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Almost half of the glaciers will melt by 2100


Even if the climate goals are achieved, many glaciers can no longer be saved, researchers predict. Melting can only be slowed down - and every tenth of a degree saved in global warming counts for this.

Enlarge image

Southern Schneeferner in Bavaria (picture from August 2022): Lost status as a glacier

Photo: Angelika Warmuth / dpa

Water scarcity, rising sea levels, changed flora and fauna: the progressive melting of glaciers due to global warming is having some serious effects.

A study published in the journal Science shows that even in the best-case scenario, a large part of the glaciers will disappear.

According to this, almost 50 percent of the approximately 215,000 glaciers considered are likely to melt by 2100 - if the temperature increase is limited to 1.5 degrees.

However, immediate climate protection measures and every tenth of a degree saved in warming could slow the process down.

With their calculations, the international team led by David Rounce from Carnegie Mellon University in Pittsburgh confirms previous findings on the extent of glacier melt.

No rescue for Alpine glaciers

Based on the climate pledges made at the United Nations Climate Change Conference COP26 in Glasgow in 2021, which predicted a 2.7 degree rise in average global temperature by the end of the century, glaciers in many regions will all but disappear, the study continues is called.

These included those of the European Alps, western Canada, the United States and New Zealand.

According to the glaciologist Olaf Eisen from the Alfred Wegener Institute, who was not involved in the investigation, the German glaciers can no longer be saved: "The topic is over".

Last year, the southern Schneeferner melted away, leaving only four glaciers in Germany.

"The same fate will befall her," said Eisen.

How fast the melt in Germany progresses depends only on the temperatures in the coming winters.

"If we get winters like 2020 or 2021, when it was cold and wet in the spring, then they might last another decade, but the German glaciers probably won't reach 2050."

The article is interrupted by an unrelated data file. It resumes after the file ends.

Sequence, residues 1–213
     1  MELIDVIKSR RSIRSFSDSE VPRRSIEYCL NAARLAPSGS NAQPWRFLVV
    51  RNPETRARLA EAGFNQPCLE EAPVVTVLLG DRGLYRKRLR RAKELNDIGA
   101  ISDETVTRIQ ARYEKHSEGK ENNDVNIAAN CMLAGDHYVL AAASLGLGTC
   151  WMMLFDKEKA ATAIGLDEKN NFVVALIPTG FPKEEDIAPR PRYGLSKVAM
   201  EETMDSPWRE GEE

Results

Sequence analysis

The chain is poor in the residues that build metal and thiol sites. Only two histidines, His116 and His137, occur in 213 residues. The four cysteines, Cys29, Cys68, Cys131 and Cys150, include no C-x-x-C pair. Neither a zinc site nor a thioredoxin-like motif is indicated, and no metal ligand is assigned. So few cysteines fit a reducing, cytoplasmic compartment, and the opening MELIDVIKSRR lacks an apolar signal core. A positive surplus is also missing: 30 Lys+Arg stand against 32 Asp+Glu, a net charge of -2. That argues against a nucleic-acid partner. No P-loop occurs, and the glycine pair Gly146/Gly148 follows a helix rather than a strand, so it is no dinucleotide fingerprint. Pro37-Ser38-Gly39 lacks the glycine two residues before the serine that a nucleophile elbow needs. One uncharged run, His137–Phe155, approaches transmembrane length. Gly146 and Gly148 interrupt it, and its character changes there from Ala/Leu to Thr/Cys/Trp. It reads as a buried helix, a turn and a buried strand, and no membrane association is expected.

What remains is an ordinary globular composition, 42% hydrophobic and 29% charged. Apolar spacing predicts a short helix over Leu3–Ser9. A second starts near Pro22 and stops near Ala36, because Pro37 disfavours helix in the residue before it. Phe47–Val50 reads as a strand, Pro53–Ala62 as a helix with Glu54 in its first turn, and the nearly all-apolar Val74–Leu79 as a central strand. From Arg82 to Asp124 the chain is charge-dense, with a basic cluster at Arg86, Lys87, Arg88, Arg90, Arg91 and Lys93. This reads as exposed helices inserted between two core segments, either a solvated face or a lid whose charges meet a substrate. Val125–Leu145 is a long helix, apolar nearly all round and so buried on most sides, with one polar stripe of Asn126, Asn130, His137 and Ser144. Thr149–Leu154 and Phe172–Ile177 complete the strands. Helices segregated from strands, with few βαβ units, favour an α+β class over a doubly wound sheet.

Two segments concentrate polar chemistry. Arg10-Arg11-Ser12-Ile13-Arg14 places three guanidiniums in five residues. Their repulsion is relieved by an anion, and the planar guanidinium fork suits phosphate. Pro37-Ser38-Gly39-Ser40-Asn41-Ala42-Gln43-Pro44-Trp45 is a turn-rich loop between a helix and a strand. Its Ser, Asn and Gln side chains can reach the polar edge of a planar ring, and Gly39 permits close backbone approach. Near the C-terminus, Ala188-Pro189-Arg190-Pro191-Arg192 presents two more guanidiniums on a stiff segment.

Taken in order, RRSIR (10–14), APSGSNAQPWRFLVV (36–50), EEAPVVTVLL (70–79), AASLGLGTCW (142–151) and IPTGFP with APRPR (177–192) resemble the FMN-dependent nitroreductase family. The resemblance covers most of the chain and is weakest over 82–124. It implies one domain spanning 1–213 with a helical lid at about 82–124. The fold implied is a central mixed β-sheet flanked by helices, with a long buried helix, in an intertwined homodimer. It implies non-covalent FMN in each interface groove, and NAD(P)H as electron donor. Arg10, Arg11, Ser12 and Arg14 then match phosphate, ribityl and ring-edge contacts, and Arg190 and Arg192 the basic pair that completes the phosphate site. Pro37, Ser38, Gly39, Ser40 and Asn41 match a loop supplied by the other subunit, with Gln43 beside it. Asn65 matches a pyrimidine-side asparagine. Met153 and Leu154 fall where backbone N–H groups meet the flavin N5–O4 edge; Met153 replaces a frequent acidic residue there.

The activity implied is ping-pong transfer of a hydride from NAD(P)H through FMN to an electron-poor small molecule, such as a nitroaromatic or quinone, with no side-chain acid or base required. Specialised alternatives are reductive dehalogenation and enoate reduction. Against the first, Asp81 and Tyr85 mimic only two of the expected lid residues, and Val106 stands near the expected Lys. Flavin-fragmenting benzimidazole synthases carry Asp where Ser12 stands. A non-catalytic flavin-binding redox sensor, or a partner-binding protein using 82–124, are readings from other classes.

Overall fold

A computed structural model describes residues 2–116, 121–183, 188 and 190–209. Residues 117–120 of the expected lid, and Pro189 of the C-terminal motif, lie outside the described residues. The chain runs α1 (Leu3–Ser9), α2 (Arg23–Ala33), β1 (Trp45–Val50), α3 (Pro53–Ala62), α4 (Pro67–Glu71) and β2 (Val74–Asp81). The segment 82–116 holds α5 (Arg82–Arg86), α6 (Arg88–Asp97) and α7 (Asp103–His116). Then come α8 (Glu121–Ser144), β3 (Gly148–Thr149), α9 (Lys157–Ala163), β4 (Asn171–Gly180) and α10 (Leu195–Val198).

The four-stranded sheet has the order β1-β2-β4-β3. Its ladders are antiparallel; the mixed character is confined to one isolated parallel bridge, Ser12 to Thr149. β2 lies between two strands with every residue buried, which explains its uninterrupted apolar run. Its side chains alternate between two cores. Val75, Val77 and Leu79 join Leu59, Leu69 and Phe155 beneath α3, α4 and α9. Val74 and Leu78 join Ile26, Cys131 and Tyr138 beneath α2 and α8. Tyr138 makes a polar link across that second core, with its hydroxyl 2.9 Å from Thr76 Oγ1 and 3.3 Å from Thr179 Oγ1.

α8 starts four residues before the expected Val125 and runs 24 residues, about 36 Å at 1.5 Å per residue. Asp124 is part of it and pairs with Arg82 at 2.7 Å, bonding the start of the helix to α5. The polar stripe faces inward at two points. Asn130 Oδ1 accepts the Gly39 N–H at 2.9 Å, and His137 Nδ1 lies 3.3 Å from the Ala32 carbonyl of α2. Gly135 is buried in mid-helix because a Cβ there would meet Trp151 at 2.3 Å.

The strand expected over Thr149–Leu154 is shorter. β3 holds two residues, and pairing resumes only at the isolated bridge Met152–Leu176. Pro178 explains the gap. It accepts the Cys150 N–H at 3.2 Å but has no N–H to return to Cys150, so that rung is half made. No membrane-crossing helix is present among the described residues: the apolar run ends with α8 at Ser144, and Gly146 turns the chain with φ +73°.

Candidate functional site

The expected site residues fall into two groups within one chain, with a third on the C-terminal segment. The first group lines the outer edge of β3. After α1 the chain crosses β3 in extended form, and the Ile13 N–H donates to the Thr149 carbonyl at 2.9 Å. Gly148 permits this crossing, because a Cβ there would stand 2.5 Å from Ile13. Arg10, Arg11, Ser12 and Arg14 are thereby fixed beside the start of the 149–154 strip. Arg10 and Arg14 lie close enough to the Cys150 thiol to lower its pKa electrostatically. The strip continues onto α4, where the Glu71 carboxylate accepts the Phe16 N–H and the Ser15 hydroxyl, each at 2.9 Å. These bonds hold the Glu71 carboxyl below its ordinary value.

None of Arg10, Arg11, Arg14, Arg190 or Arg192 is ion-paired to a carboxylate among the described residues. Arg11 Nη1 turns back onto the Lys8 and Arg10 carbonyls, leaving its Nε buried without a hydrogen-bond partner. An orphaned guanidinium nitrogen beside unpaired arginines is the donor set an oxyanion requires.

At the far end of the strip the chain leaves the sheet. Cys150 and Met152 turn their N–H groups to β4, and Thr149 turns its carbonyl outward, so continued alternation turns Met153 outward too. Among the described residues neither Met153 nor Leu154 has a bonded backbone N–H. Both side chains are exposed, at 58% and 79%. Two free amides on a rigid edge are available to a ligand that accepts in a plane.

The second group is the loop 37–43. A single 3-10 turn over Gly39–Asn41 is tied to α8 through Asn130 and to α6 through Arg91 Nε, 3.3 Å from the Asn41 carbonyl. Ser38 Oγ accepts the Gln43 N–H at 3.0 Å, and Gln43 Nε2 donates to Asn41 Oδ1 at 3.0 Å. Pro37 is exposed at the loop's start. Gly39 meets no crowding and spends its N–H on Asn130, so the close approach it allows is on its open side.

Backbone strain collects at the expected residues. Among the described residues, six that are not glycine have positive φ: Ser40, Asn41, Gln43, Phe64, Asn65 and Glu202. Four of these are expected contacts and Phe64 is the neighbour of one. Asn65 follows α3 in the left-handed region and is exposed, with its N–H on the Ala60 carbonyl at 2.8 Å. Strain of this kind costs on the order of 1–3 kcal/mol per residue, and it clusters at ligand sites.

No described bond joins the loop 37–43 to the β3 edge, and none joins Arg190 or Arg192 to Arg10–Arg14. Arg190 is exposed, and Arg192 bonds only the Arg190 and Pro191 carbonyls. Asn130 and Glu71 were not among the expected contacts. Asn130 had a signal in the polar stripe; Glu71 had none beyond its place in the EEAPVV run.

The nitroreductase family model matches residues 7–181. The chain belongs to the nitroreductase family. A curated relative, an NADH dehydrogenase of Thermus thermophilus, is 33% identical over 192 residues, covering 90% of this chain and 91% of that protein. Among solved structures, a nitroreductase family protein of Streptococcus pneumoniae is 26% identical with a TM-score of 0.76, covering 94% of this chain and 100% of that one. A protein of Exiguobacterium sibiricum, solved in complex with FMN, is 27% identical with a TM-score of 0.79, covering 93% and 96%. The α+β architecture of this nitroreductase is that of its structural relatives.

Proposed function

According to the study, with an average global temperature increase of four degrees, 83 percent of all glaciers worldwide would disappear by 2100.

That would have dramatic consequences.

Because the melting of the glaciers causes the sea level to rise.

"Every millimeter of sea-level rise leads to more flooding in coastal areas, and glaciers are one of the main drivers of sea-level rise," said Fabien Maussion of the University of Innsbruck, co-author of the study.

»We need a complete exchange rate«

In addition, the glaciers are natural freshwater reservoirs.

"When they're gone, it doesn't mean that we don't have water anymore, but that the water doesn't come when it's needed - namely in dry, hot summer months," said Matthias Huss from ETH Zurich, as well as Co -Author of the study, with.

When the ice is gone, water shortages are to be expected, especially during periods of drought.

"This is a problem for irrigation, drinking water, goods transport, fauna and flora and so on," says Huss.

Nevertheless, Rounce's team emphasizes that it is quite possible to slow down the melt in the medium term through immediate and comprehensive climate protection measures on a global scale.

"Even if we can't save the glaciers as they currently look, every tenth of a degree of warming saved causes a smaller decline and thus also less negative effects," says Huss.

"We need a complete exchange rate when it comes to our emissions, we really need to reduce global emissions much more," Maussion emphasized.


Source: spiegel

All tech articles on 2023-01-05

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